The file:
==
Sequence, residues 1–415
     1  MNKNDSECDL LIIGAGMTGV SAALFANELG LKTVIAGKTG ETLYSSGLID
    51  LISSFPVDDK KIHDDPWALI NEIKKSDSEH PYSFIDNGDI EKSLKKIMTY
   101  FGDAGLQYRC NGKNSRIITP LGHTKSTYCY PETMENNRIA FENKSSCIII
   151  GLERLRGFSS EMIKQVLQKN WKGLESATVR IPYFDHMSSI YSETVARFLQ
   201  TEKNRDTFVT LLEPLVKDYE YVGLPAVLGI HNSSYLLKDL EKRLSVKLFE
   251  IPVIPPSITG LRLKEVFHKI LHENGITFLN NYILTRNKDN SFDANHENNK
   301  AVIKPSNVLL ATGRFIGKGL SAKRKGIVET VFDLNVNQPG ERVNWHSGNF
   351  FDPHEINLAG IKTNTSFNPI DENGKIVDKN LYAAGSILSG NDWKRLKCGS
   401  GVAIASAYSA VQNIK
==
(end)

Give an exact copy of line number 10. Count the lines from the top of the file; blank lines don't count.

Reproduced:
   401  GVAIASAYSA VQNIK